Driverless pods are being trialled this week at Filton Airfield as part of a pilot scheme that will pave the way for the use of connected and autonomous vehicles to move people around airports, hospitals, business parks, shopping and tourist centres. The closed test at the disused airfield in north Bristol is the first of four trials under the pilot, which is being delivered by Capri, an AECOM-led consortium that was awarded funding last year from Innovate UK and the Centre for Connected & Autonomous Vehicles (CCAV).
During the two week trial the pods’ safety critical features are being assessed along with participant comfort testing. The trial will inform the pods’ first public appearance later this year when they will transport members of the public around The Mall at South Gloucestershire’s Cribbs Causeway retail park. The project will culminate in an on-road public trial at London’s Queen Elizabeth Olympic Park, a diverse estate that includes retail, recreation, residential and business centres.
Focusing on trips of up to five miles to connect people to places, Capri is developing the next generation of autonomous pods, as well as the systems and technologies that will allow the vehicles to navigate safely and seamlessly in both pedestrian and on-road environments, known as ‘dual-mode’. The consortium is looking at how the network can harness data to enable location, positioning and on-demand services to help support a wider rollout of dual-mode autonomous pods.
An engagement day was also held at the trial with two local schools – Digitech Studio School and Filton Primary School – to promote Science, Technology, Engineering and Maths (STEM) activities in the region.
George Lunt, Technical Director, AECOM, said: “Connected and autonomous vehicles are predicted to make a huge impact on society, but require significant research and development to support their future commercial use. With a wide range of potential markets for on-demand mobility services, our pilot has clear economic benefits that will inform the business cases for these types of schemes. The trial at Filton Airfield is the first important milestone for this pilot and will inform our next trial due to take place in a public environment at a busy shopping centre.”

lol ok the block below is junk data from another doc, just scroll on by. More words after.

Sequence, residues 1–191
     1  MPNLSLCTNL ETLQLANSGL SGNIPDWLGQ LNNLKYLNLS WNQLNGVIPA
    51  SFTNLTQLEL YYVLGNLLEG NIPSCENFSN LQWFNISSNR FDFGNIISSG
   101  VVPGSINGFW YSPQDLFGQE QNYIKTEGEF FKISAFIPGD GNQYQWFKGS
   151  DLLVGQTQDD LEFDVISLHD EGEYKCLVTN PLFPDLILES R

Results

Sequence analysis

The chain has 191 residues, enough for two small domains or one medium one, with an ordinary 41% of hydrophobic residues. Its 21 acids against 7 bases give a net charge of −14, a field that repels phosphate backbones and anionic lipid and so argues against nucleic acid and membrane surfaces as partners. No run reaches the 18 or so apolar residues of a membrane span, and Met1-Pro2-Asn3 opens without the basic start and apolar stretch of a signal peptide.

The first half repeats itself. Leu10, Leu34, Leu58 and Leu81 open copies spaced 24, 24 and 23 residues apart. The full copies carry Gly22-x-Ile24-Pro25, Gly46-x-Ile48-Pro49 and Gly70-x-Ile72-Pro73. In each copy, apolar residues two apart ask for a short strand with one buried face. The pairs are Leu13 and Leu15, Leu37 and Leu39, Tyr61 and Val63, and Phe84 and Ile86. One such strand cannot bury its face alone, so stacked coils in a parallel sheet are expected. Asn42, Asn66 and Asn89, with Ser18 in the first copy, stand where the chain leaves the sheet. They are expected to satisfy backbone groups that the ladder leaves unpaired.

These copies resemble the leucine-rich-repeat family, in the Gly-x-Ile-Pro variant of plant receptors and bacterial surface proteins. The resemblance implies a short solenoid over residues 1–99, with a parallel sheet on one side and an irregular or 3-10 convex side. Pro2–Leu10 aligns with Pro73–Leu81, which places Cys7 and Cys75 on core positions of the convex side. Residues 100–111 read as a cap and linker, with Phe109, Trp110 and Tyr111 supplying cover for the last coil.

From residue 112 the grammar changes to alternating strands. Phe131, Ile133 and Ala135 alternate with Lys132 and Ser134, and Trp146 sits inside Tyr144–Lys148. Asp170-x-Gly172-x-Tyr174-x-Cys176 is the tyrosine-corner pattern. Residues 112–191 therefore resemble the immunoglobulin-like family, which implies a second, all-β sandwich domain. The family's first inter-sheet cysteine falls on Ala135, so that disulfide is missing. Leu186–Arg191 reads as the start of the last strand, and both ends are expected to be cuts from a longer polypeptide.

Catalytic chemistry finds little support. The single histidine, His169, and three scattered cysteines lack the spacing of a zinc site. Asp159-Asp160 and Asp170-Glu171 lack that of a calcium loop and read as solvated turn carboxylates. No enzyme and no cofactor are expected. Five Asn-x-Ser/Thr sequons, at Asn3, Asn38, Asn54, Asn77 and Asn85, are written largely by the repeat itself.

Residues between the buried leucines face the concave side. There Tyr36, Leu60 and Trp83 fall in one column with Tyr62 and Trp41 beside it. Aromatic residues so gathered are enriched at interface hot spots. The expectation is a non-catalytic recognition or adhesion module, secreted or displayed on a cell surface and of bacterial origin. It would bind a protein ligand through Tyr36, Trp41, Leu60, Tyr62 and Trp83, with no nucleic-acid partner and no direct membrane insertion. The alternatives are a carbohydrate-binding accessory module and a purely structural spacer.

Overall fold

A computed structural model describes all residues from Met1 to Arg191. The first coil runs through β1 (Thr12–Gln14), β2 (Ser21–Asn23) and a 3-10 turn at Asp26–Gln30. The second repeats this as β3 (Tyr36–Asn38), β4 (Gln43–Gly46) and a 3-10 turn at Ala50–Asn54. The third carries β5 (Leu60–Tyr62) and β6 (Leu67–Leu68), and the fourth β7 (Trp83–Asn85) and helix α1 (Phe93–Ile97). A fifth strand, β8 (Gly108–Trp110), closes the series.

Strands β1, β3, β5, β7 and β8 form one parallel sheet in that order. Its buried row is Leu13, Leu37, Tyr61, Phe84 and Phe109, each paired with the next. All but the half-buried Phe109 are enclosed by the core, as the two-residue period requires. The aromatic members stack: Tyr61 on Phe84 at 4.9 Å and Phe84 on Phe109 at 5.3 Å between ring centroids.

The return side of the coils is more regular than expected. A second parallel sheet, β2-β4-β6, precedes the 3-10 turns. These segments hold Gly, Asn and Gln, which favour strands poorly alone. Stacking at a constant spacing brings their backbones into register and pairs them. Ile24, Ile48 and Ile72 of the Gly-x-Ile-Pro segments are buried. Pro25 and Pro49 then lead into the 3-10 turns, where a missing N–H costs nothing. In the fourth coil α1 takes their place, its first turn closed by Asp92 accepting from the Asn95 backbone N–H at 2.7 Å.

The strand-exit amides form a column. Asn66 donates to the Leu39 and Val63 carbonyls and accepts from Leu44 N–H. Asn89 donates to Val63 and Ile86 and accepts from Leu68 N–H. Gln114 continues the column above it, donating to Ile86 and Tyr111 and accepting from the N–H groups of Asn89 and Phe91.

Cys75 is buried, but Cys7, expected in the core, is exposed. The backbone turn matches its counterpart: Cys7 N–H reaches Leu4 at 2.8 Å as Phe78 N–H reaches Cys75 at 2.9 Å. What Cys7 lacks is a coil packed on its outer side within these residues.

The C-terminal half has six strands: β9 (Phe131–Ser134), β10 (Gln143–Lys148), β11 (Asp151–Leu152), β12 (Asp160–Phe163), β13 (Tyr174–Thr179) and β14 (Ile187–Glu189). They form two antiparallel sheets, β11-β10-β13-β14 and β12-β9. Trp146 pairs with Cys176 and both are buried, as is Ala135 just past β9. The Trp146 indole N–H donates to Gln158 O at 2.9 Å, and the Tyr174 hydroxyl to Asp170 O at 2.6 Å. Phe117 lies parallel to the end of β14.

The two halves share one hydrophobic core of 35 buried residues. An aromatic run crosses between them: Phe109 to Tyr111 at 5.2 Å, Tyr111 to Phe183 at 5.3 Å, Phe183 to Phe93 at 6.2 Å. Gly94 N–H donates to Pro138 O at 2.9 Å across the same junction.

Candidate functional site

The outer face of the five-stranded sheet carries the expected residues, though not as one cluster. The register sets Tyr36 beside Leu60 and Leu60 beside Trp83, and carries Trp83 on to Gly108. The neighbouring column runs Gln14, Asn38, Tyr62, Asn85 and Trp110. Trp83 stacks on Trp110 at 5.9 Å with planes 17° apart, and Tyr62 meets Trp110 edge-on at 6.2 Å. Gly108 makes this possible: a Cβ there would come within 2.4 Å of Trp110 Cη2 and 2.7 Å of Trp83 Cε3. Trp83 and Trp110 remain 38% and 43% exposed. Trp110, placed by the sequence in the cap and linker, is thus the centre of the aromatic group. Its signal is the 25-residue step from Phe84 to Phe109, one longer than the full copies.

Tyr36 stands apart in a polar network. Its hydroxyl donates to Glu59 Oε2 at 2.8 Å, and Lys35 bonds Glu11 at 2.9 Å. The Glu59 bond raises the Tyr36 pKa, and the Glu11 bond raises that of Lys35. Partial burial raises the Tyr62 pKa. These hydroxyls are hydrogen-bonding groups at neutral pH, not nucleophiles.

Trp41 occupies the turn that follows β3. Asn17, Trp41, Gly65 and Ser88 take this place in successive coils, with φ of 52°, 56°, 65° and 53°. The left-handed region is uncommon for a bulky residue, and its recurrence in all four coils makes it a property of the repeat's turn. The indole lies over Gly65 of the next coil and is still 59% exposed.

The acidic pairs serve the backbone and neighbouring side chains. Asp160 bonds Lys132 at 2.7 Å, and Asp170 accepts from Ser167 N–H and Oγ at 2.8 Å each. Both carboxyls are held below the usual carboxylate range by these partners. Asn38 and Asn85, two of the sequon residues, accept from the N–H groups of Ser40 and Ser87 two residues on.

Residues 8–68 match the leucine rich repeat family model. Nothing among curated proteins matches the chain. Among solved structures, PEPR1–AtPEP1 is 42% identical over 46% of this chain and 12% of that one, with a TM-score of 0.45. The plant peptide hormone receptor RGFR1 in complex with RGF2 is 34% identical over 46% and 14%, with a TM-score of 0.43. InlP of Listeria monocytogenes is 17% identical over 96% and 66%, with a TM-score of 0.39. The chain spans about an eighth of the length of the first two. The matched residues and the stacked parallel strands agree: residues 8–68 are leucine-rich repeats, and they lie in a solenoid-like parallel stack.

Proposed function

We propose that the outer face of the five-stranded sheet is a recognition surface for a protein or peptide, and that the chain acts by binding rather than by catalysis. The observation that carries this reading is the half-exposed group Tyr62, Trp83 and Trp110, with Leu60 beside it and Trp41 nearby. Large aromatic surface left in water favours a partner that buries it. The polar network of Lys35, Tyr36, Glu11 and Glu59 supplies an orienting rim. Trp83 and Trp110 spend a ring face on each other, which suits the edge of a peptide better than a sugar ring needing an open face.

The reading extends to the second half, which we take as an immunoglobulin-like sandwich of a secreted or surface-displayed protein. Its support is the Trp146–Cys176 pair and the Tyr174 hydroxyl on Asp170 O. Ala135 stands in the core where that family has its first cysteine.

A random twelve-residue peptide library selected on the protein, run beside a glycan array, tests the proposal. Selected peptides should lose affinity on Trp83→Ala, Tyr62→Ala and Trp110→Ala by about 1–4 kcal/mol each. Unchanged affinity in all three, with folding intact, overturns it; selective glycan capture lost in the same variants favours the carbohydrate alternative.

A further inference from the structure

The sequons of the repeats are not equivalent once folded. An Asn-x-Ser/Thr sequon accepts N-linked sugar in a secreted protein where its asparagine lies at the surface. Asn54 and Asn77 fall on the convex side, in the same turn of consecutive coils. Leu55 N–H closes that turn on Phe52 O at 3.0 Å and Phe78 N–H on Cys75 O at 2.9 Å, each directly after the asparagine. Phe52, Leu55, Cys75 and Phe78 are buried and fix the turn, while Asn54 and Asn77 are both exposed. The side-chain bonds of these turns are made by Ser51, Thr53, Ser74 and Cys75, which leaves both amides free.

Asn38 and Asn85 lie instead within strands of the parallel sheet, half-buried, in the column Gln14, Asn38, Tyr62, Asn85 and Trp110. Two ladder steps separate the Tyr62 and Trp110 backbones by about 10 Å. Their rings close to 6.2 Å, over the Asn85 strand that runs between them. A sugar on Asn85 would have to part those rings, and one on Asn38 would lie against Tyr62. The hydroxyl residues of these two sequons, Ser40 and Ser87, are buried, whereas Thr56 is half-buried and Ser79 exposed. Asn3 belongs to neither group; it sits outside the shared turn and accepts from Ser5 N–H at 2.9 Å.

The 2.5km runway at Filton Airfield provides an excellent opportunity for the consortium to set up and test the autonomous pods in a safe and controlled environment. The runway is central to a major brownfield development that includes 2,675 homes and was granted planning permission in October 2017. Capri consortium member YTL Developments owns the airfield and is developing the site.
Zoe Sharpe, YTL Developments, said: “We are delighted to support this pathfinding project which could transform the way we use the car. Sustainable modes of transport play an important role in how mixed-use development schemes are planned and implemented. To be a part of this exploratory trial is very exciting. Filton Airfield has seen many technological milestones in its time. As the site turns the page on its next chapter, this trial demonstrates a continued commitment to ground breaking technology.”
The Capri consortium consists of a team of experts including global enterprises with established multidisciplinary expertise, academic institutions at the cutting-edge of automotive research, and SMEs developing exciting new technology solutions. A large number of consortium partners are based in the West of England, putting the region at the forefront of this rapidly developing sector.
Leader of South Gloucestershire Council Cllr Toby Savage, said: “South Gloucestershire Council is proud to be one of the country’s leading centres for innovation and at the forefront of connected and autonomous vehicle (CAV) research and development. As an area where industry and research institutes are already choosing to innovate, we are open to providing the infrastructure, platforms and resource at our disposal to support innovation. We have a wealth of hi-tech businesses and a skilled workforce in South Gloucestershire and we want to support these to grow and we also want to inspire the engineers of the future through these innovative science, technology, engineering and maths (STEM) activities.”
The Capri consortium was awarded the funding as part of a CCAV and Innovate UK competition to invest £35 million in industry-led research and development projects on CAVs. The aim of the competition was to find projects that would deliver technical solutions for CAVs that provide real-world benefits to users and where the commercial benefit is clear.